Four pet rats were found freezing to death in a dirty, wet cage in Wallsend, North Tyneside after being abandoned by their owner.
After being rescued by the RSPCA, the animals were taken to a veterinarian near Chester-le-Street, where two of the animals were put to sleep on veterinary advice to prevent further suffering.
This comes as analysis from the RSPCA has shown that the charity's officers dealt with 1,324 incidents of animals being abandoned last month and a further 1,529 in January.
It’s believed the cost of living crisis, coupled with the expected financial pressures on pet owners during the festive season, may have led to the upsurge.
The animals were first discovered when a member of the public alerted the charity after spotting the rodents’ enclosure in undergrowth off a footpath at the back of houses near Telford Court.
Discovered at about 7pm on Sunday (March 12), the group of female rats had been left out in the snow with a water bottle and a cake to eat.
The caller kindly covered the cage with a piece of tarpaulin to help keep the animals dry before they were collected by RSPCA inspector Jaqui Miller.
The rats were taken to a vet near Chester-le-Street for treatment. Sadly, two of the animals had large masses which were open and bleeding and were euthanised prevent further suffering.
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The remaining pair are now in RSPCA care and are expected to make a full recovery and will be rehomed by the charity in due course.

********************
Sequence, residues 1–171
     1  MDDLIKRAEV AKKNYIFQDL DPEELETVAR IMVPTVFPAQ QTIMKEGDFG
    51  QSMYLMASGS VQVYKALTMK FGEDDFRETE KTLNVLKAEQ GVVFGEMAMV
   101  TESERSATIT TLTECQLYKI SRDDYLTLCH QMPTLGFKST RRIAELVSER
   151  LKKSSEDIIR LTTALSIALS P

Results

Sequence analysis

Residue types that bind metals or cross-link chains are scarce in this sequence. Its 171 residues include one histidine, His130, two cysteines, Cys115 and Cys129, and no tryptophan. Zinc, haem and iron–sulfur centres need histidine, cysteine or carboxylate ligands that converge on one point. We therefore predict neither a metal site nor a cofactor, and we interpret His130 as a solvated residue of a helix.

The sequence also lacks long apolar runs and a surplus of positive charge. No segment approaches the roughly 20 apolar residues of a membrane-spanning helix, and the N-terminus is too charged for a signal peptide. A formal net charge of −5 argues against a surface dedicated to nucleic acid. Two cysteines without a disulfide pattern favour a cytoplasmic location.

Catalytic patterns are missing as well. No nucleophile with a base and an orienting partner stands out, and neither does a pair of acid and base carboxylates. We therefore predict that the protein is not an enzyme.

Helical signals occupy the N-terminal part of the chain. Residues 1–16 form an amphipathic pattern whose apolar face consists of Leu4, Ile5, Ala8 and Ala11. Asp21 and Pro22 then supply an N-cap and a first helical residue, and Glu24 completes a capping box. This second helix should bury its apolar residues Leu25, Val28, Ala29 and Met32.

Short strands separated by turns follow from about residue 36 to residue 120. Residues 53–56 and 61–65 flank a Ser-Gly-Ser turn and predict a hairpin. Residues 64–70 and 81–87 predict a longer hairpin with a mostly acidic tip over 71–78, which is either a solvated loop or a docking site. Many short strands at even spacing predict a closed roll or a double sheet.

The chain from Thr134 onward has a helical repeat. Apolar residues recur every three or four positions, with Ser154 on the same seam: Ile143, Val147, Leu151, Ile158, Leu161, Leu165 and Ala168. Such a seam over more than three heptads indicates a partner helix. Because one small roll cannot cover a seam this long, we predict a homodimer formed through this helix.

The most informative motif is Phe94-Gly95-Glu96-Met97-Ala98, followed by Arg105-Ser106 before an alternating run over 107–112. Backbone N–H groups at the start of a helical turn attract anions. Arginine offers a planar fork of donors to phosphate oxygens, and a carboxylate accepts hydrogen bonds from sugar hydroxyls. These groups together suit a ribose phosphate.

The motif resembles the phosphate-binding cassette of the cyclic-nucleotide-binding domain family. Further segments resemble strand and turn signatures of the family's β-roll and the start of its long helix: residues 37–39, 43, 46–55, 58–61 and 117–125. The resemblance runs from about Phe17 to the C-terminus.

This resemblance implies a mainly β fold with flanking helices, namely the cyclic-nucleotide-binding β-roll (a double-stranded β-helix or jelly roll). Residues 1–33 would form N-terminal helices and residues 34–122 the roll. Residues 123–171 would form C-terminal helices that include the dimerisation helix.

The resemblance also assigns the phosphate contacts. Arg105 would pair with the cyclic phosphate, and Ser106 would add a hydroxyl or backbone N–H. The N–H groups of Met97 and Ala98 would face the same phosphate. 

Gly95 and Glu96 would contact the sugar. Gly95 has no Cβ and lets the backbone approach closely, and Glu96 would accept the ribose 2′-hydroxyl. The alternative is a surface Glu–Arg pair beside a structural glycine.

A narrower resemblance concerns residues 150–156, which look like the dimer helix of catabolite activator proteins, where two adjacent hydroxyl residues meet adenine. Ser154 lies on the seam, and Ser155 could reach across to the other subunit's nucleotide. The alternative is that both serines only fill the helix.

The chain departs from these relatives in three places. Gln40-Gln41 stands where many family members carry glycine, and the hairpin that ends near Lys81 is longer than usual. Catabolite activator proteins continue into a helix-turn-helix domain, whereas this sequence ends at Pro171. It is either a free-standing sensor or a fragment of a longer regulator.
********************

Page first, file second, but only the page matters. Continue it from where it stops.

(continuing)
Inspector Miller said: “This little group of pet rats were vulnerable to predators, not to mention the inclement weather, so it was fortunate they were spotted - particularly as it was dark at the time.
“Two of them were in a poor condition with nasty looking tumour-like masses which had been left untreated.
“Abandoning pets in this way is never the answer and we’d urge anyone who is struggling to look after their animals - at what is a very difficult economic time for many people - to seek advice and support.”
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With the increase in pet ownership and the cost-of-living crisis putting a strain on people’s finances, the RSPCA is seeing an increase in rescued animals coming into the charity’s care at a time when rehoming has slowed.
For pet owners who are worried about the cost of living crisis, the RSPCA has opened a telephone helpline to support callers and a dedicated cost of living hub with practical help and advice.
Anyone who recognises the abandoned rats or has information about the incident can contact the RSPCA’s inspectorate appeal line on 0300 123 8018.